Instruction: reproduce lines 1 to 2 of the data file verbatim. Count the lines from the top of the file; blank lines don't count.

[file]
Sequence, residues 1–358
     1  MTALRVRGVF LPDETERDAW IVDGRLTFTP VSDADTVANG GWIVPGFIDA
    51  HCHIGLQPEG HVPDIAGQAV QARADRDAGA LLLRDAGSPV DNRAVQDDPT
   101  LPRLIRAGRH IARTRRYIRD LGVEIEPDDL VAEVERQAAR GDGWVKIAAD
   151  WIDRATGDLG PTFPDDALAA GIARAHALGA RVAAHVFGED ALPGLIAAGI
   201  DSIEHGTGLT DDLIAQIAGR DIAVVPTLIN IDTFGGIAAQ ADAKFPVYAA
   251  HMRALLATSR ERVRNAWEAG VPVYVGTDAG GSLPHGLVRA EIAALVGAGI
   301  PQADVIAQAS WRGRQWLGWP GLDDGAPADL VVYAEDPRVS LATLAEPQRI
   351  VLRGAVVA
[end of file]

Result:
Sequence, residues 1–358
     1  MTALRVRGVF LPDETERDAW IVDGRLTFTP VSDADTVANG GWIVPGFIDA